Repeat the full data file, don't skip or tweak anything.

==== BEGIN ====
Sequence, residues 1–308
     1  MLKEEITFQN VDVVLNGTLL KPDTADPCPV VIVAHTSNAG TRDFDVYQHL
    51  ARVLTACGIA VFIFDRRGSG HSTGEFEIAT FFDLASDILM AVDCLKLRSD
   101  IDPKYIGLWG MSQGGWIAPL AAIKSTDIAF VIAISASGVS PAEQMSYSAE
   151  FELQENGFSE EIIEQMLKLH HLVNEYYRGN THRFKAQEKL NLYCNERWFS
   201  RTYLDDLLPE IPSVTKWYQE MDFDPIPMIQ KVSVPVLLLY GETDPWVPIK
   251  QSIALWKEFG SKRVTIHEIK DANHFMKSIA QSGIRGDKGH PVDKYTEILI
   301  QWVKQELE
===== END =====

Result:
Sequence, residues 1–308
     1  MLKEEITFQN VDVVLNGTLL KPDTADPCPV VIVAHTSNAG TRDFDVYQHL
    51  ARVLTACGIA VFIFDRRGSG HSTGEFEIAT FFDLASDILM AVDCLKLRSD
   101  IDPKYIGLWG MSQGGWIAPL AAIKSTDIAF VIAISASGVS PAEQMSYSAE
   151  FELQENGFSE EIIEQMLKLH HLVNEYYRGN THRFKAQEKL NLYCNERWFS
   201  RTYLDDLLPE IPSVTKWYQE MDFDPIPMIQ KVSVPVLLLY GETDPWVPIK
   251  QSIALWKEFG SKRVTIHEIK DANHFMKSIA QSGIRGDKGH PVDKYTEILI
   301  QWVKQELE